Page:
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Why Connor Heyward Is Perfect Culture Fit for Detroit Lions

Read more on whether Michigan State tight end/fullback Connor Heyward could be a fit in the Motor City.

The only way out of the basement in the NFC North for the Detroit Lions is to find as many competitive advantages as possible.

That can be done with either schematic innovation or through going out and acquiring a unique talent that can create mismatches.

One of those unique talents is right in the Lions’ own backyard: Michigan State tight end/fullback Connor Heyward.

His dad was the late great Craig “Ironhead” Heyward, and the game film confirms it: the apple has not fallen too far from the tree.

Additionally, Connor’s brother is another name you've probably heard of: Pittsburgh Steelers five-time Pro Bowler Cameron Heyward.

One of the primary things NFL scouts look for is a prospect’s family bloodline. Does the prospect have any blood relatives who have played in the league? 

In Connor’s case, those bloodlines are strong, which evaluators look at as a predictor of a prospect's chances of success. This will work in Connor’s favor to land his own opportunity in the NFL. 

Connor has been around the NFL his entire life, which also bodes well because he has been taught how to prepare and what to expect.

Heyward has been invited to the upcoming Senior Bowl and he has already received a high compliment. The Senior Bowl’s Executive Director, Jim Nagy, said on Twitter, “Never seen a more athletic play by a fullback. Michigan State’s Connor Heyward is different.” 

Nagy was referring to Heyward’s touchdown grab in his team’s Peach Bowl victory over the Pittsburgh Panthers.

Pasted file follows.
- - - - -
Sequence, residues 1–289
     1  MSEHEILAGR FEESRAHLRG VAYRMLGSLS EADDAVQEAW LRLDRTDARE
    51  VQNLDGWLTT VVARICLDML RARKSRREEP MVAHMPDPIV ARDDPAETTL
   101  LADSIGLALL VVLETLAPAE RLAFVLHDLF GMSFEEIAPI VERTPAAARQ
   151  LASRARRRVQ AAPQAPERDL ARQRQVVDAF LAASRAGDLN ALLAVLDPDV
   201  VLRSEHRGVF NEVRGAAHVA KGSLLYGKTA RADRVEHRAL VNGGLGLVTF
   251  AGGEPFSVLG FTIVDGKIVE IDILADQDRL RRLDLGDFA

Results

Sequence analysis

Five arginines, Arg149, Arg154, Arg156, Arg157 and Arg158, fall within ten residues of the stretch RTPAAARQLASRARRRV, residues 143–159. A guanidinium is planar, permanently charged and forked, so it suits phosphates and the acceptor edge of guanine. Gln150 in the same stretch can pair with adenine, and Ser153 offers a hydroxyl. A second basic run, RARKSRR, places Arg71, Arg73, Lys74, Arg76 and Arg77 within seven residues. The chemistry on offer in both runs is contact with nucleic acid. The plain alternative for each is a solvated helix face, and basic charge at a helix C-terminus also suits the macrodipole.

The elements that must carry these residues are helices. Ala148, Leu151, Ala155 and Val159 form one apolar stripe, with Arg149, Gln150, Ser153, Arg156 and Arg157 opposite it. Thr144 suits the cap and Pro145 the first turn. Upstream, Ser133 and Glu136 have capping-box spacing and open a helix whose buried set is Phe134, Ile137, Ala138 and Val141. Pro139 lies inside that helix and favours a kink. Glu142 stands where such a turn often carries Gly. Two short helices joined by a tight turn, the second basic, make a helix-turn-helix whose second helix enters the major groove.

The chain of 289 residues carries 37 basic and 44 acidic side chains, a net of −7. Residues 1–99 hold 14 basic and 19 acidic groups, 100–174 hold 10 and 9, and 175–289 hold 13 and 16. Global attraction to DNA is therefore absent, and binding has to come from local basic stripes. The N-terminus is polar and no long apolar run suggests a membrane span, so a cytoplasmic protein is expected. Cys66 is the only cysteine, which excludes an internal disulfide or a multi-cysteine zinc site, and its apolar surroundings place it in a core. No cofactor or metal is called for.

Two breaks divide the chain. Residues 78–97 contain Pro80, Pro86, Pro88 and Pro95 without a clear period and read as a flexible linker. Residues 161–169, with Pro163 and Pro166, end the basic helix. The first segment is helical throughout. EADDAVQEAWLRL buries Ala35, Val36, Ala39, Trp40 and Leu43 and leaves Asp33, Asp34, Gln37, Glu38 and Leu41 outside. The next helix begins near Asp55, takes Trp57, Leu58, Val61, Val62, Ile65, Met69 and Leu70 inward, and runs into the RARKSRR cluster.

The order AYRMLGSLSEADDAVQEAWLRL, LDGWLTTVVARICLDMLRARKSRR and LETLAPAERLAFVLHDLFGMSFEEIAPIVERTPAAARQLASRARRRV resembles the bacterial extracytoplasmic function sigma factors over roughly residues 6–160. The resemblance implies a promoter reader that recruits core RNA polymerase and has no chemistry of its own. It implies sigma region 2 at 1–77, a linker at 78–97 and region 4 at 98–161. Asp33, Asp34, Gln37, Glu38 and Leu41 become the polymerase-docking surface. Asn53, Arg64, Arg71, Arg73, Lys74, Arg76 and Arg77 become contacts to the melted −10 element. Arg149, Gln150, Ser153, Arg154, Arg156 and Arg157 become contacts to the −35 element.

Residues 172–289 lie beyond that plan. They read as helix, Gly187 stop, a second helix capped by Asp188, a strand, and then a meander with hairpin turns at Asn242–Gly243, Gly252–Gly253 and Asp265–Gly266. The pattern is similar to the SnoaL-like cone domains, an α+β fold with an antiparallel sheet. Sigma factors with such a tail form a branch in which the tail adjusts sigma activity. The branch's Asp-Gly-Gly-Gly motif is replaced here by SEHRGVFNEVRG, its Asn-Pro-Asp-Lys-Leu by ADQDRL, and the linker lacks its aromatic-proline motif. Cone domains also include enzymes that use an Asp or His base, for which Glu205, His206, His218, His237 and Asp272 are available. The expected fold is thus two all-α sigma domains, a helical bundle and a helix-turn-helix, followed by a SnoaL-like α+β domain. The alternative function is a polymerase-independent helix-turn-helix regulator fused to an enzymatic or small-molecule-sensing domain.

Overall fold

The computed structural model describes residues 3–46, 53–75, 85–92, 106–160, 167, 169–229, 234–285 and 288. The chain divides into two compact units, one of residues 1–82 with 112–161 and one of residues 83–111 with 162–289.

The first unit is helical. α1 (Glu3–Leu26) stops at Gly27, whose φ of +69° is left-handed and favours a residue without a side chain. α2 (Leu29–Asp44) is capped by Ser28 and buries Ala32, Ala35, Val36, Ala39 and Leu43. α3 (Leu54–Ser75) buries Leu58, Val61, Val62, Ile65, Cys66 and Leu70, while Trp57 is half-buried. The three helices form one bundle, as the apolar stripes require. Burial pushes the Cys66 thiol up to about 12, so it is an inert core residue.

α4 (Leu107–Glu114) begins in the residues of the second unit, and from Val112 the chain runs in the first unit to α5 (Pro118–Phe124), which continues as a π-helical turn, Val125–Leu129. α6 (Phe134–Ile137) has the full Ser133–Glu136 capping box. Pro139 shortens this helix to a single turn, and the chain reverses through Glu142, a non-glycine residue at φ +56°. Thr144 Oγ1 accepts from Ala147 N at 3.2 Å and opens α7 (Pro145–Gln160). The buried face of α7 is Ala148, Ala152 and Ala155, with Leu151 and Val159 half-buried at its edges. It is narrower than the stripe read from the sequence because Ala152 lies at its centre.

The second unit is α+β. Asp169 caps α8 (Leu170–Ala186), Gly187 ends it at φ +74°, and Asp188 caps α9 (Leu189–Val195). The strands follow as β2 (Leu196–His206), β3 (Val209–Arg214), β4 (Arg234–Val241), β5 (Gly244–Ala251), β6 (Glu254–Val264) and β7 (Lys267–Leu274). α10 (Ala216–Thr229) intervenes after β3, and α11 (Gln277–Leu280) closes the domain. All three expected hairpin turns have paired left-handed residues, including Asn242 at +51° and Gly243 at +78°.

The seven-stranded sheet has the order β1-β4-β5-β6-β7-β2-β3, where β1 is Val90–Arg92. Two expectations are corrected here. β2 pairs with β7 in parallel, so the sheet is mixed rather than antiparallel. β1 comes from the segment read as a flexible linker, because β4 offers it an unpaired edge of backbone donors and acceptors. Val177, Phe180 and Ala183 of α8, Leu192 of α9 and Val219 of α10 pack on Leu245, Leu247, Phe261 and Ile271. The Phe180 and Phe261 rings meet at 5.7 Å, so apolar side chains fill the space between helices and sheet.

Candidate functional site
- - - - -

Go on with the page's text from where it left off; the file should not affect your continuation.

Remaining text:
Heyward is like an athletic bowling ball who can catch. That does not sound like something, or somebody, that a lot of NFL defensive backs would like to attempt to tackle. If you don’t believe me, ask Nebraska. Heyward looked like his dad’s namesake out there smashing into defenders. 

This is the competitive advantage Heyward would bring to Detroit. NFL corners are generally hesitant to get involved in support, but they will be even less inclined to want a piece of Heyward and his 230-pound frame, at full speed in the open field.

The 22-year-old grabbed 96 receptions for 711 yards and six touchdowns over his five years playing for the Spartans.

Heyward has a sort of jack-of-all-trades versatility, and he is a solid blocker. Heyward, in fact, held his own while blocking Michigan’s Aidan Hutchinson one-on-one on several reps. 

Heyward is more of a hybrid player, who is not limited to playing a single position (which only adds to his value). Heyward can be lined up at tight end, fullback, out wide and he can be motioned in to block or chip block and then go out on a route. He can even be lined up at running back. 

In 2018, Heyward rushed 118 times for 529 yards (4.5 yards-per-carry avg.) and five touchdowns. 

Having a player on offense with this kind of versatility can create mismatches and even confusion for opposing defenses. Heyward has to be accounted for at all times.

It would be a whole lot of fun if Detroit went into two-tight end sets, featuring Heyward and Pro Bowler T.J. Hockenson.


#11 Connor Heyward - 6'0, 230 pounds

2021 game film reviewed: Michigan, Ohio State, Miami (Fla.) and Nebraska

Grade: Fourth round

Scouting Report

Thick-framed, short-to-intermediate target who is tough to bring down and a solid run-blocker. Versatile. Can move around and motion pre-snap. Perfect H-back. Solid and wide frame, plus does a good job boxing out pass defenders as a short-area safety valve receiver. Shows ability to pluck ball with his long arms and confident hands. Quickly gets rolling. Good open-field runner, with above-average football speed for his position. Showcased he can stretch a defense into the intermediate route level. Dependable target who has real receiving skills. 

On running plays, is able to line up tight and hold up at the point. Battles. Able to motion in pre-snap and fire into the hole. Can also kick out or seal off inside on the edges. Good grasp of positional-blocking concepts. Can get out on receiver screens and block in space. Can lead block downfield (see Miami game). Tends to make strong enough contact blocking to do the job. Appears to do everything he is asked to do.

It will be interesting to see how Heyward performs at the Senior Bowl. I am betting he will be a real hit, in more ways than one.